He had built a reserve around a Ponzi Scheme when he ransomed his penny financial specialists, and, regardless of whether inevitably his plan would separate since it isn't economical, the emergency in 2008 wrecked it. Thusly, Madoff's end was dictated by when the emergency hit hard, and his speculators began removing cash from the firm. The statement: “I ran the biggest Ponzi Scheme in history, okay? Within the biggest Ponzi Scheme in history!” is to a great degree genuine. The various budgetary establishments were additionally dishonest by pitching home loans to individuals that in all likelihood wouldn't have the capacity to pay.
Casey came across some investment information from a client of Madoff and gives the information to Markopolos to look over. Markopolos claims it took him five minutes to determine Madoff’s investment enterprise was a Ponzi scheme. After obtaining
While Cap may have been content with his choice to live in service of the people, he most likely did not experience happiness for the majority of his life. Bernie Madoff falls on at the deficient end of the virtuous spectrum. He lived a life of greed. Madoff committed multiple acts of fraud with a Ponzi scheme and now will spend the rest of his life in prison. A life of greed creates an illusion of happiness, but in reality, greed only leads to self-destruction.
He deceived a bountiful amount of people and gained money and power doing it. Madoff used
Another example of Zaroff having no conscience is when he was talking to Rainsford, "A new animal? You're joking." "Not at all," said the general. "I never
Suddenly things he did every day without hesitation seemed silly. This is when the reader finally is able to identify the theme. For a while, it seems as though it is Montag against the world. The only person who could possibly understand him, Clarisse ,was murdered. His Family isn't an option and his wife Mildred was a lost cause.
He had stolen files that were not his, and most of all, he did it without the owner’s consent. Even though he was unaware of his actions being considered as stealing, what he did was still morally wrong. On the other side, the supporters of Aaron used the utilitarian theory. They did not care much as to what they were violating or what can be or will be violated, because they believe that their purpose and output is justifiable. In my opinion, I believe that the best ethical theory to be applied in this kind of situation is the social contract theory, simply because it stops conflict.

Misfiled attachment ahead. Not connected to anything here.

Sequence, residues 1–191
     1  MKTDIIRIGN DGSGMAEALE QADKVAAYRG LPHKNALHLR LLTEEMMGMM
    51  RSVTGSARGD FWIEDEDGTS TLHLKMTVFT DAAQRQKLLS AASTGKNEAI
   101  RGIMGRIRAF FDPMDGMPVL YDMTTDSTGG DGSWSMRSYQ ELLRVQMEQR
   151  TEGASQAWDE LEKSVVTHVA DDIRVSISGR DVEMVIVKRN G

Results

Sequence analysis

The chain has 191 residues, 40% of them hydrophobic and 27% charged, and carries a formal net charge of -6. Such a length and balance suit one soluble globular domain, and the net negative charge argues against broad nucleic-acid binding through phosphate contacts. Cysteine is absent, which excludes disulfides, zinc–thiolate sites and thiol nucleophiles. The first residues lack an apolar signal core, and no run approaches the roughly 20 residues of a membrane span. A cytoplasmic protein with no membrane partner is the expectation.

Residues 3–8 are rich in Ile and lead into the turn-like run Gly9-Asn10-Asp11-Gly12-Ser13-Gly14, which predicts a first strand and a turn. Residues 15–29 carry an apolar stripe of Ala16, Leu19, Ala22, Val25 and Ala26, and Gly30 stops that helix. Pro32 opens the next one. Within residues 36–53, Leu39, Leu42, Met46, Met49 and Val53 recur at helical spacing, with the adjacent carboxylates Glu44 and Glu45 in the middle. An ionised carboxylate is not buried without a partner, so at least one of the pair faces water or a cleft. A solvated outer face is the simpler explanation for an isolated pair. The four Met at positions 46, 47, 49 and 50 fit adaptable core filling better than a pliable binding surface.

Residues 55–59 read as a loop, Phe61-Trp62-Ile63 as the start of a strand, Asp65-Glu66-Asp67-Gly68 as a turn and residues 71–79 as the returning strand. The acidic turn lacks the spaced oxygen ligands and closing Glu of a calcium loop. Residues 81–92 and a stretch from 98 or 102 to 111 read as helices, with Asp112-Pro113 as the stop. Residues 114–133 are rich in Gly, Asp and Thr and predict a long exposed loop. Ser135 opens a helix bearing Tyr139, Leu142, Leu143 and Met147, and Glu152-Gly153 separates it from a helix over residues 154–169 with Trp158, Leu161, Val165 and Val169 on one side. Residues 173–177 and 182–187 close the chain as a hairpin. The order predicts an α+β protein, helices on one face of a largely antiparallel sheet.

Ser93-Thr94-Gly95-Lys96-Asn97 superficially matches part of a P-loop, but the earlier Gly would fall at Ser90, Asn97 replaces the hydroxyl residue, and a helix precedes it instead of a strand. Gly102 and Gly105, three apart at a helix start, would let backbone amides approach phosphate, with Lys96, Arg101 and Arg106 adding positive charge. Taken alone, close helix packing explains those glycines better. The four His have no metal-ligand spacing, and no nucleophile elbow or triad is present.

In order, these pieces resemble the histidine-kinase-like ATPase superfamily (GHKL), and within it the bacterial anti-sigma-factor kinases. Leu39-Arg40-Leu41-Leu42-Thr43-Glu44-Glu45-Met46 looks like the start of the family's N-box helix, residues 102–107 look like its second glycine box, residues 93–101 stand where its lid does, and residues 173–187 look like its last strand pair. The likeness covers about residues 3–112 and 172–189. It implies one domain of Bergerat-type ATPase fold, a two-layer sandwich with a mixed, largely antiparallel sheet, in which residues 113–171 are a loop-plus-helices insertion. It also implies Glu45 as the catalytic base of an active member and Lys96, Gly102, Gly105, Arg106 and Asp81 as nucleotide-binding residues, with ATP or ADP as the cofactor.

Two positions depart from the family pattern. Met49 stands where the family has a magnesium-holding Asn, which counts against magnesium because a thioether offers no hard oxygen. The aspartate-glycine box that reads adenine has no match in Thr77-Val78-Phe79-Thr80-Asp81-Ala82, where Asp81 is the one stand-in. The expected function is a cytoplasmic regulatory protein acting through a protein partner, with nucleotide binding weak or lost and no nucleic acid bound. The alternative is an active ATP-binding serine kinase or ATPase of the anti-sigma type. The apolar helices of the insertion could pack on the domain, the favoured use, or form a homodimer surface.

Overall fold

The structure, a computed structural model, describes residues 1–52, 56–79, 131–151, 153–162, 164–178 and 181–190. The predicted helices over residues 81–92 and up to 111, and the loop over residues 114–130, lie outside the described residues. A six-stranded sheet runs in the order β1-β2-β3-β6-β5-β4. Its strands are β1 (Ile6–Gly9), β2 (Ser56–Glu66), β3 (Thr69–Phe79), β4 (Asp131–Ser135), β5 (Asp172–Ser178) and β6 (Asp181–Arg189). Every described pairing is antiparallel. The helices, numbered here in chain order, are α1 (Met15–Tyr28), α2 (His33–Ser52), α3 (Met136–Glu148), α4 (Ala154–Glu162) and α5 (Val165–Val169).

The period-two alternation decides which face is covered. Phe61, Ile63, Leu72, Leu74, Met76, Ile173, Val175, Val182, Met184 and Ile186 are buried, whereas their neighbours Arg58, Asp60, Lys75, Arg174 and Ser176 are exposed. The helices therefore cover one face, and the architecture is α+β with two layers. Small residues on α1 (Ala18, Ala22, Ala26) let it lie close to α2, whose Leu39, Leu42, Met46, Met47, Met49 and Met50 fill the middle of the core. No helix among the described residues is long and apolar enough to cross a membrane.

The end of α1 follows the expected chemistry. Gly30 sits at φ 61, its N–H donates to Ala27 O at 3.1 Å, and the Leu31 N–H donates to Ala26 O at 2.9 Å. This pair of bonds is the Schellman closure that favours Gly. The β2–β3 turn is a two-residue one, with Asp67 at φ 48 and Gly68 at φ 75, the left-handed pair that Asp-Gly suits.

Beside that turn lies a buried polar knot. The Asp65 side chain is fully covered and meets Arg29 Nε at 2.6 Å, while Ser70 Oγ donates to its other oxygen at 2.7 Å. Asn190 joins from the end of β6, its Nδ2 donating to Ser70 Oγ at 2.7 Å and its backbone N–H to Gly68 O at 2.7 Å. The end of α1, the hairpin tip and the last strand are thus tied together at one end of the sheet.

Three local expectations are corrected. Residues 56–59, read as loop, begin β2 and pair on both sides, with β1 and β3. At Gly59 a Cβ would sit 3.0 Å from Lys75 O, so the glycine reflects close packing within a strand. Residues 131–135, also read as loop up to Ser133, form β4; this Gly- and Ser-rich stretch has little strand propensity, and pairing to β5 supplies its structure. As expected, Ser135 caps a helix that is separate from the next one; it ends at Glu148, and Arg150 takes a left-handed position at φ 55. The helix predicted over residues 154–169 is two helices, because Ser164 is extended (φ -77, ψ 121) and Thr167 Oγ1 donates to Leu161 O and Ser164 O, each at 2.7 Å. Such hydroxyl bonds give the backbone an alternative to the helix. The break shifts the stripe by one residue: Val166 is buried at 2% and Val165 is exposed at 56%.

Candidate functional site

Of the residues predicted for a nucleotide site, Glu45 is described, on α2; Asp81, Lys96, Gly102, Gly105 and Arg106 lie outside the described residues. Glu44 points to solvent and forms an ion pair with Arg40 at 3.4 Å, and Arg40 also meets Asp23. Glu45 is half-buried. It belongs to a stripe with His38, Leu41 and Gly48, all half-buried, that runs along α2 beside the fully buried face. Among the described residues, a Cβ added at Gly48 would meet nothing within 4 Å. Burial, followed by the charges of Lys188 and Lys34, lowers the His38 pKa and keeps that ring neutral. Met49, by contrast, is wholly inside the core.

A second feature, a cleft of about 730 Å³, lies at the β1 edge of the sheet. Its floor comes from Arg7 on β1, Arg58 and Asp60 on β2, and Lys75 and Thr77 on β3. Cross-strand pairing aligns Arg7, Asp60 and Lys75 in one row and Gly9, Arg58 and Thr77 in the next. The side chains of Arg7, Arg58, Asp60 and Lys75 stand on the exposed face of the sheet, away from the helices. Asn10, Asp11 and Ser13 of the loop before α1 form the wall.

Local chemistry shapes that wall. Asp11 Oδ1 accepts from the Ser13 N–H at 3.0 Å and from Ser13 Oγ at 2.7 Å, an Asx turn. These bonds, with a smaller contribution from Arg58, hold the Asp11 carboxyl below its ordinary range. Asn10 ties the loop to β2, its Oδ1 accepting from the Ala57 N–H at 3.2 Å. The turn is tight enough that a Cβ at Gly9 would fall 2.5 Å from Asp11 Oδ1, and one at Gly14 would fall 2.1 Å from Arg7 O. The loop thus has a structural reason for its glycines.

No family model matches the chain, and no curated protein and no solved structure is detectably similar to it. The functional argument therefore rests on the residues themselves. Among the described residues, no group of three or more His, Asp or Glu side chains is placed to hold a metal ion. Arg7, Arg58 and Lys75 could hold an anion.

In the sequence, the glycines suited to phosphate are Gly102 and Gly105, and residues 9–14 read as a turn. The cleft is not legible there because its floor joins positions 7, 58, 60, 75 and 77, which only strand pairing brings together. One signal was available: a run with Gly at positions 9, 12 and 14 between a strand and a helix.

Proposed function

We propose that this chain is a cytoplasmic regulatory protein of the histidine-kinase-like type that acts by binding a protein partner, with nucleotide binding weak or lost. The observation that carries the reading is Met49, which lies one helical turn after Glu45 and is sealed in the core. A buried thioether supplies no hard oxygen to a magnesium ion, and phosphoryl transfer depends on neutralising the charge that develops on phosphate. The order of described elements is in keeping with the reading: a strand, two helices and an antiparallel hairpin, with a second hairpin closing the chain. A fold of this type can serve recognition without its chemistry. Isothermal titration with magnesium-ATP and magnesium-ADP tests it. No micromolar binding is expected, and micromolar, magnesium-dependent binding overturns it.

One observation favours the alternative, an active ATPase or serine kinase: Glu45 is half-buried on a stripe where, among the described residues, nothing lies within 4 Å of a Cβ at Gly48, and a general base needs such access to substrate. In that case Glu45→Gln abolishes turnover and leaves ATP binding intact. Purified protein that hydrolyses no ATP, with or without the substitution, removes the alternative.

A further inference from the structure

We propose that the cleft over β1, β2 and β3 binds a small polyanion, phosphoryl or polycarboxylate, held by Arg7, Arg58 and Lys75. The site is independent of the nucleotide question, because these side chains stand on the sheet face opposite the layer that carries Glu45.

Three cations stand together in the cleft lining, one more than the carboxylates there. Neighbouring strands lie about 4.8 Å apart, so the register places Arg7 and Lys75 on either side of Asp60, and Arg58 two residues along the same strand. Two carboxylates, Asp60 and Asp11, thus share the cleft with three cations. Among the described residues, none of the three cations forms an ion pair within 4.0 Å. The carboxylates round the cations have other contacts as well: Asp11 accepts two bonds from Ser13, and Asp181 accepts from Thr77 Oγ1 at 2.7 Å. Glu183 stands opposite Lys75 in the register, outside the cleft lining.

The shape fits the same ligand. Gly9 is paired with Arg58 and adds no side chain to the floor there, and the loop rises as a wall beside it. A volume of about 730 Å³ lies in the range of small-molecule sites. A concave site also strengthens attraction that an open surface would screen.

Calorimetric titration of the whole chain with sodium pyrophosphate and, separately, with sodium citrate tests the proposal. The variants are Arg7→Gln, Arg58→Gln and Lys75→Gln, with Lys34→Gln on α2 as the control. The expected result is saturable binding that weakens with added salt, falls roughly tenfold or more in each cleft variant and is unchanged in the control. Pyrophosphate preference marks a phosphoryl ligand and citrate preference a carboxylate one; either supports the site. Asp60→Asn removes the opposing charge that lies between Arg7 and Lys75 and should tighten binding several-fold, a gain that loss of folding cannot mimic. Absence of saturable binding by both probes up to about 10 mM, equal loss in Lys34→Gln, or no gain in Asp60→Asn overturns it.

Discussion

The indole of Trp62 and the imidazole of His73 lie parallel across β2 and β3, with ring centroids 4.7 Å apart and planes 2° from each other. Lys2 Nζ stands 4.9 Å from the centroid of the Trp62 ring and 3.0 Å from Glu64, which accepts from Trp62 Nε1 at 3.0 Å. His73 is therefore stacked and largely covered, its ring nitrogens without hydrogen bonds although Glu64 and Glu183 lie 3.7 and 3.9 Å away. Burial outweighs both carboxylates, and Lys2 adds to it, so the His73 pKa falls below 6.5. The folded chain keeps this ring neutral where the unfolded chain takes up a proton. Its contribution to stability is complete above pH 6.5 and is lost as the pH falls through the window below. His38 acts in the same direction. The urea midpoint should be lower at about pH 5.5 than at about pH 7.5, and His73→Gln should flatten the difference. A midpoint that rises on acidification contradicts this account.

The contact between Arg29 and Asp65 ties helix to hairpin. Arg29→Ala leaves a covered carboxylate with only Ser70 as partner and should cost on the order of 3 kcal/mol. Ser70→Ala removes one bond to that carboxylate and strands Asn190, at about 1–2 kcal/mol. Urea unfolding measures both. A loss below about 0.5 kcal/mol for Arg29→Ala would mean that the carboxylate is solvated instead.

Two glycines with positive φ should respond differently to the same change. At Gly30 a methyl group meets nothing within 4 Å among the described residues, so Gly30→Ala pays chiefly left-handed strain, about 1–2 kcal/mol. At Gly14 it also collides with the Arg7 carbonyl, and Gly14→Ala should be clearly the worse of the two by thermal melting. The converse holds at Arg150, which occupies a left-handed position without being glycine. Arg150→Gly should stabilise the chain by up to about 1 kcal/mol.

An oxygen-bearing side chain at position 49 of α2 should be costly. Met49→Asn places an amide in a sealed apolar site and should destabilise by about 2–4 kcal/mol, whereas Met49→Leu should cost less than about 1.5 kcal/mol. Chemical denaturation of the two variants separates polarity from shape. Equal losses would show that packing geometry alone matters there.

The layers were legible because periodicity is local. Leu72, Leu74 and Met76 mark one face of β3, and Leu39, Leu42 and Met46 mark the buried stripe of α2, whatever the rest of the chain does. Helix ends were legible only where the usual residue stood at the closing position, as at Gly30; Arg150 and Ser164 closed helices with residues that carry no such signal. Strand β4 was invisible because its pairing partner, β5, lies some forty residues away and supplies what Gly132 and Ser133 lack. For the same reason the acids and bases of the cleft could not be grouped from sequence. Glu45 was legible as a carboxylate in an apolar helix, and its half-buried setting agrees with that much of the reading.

In Gerald Graff’s “Hidden Intellectualism” he emphasizes his own personal opinion and thoughts on street smarts vs. intellect or book smarts. He then goes into saying how students do not need to read intellectually challenging writing to become intellectuals. While talking through this he figures out what category he would put himself in. He really notices this about himself when he stopped and listened to himself and realize how much he argued and how he reasoned with particular subjects. Graff then goes in telling a story about Michael Warner who also, like Graff, found out where he would put himself, and it would for the same reason Graff did, by arguing.
His being hunted like an animal being hunted led him to figure out the value of life. What kept him from giving up during the three days of him being hunted was his new value of life. This value made him want to never become what Zaroff was. Zaroff was a murderer because he enjoyed the challenge of hunting humans over animals, which were no longer a challenge to him. Once Rainsford realized what Zaroff was doing he became afraid of him and refused to hunt with him when he had offered.
For Oliver Wendell Holmes, Jr., the study of law is nothing but a prediction of how judges will decide a case. This view was illustrated by the “Bad Man” theory, in which a bad person’s view of the law is the best way of knowing what the law is because the bad man will carefully and precisely calculate what he must do in order to avoid state-enforced sanctions resulting from disobedience of the law. The bad man does not concern himself with morals, instead he is more concerned with the material consequences (e.g., staying out of jail or avoiding a fine). In this sense, the bad man will be more calculating in his actions, driven by the desire to pit his wits against the law—the codified will of others. Whereas, the common man will conform his actions to meet his desire to address those moral and social obligations which bind him.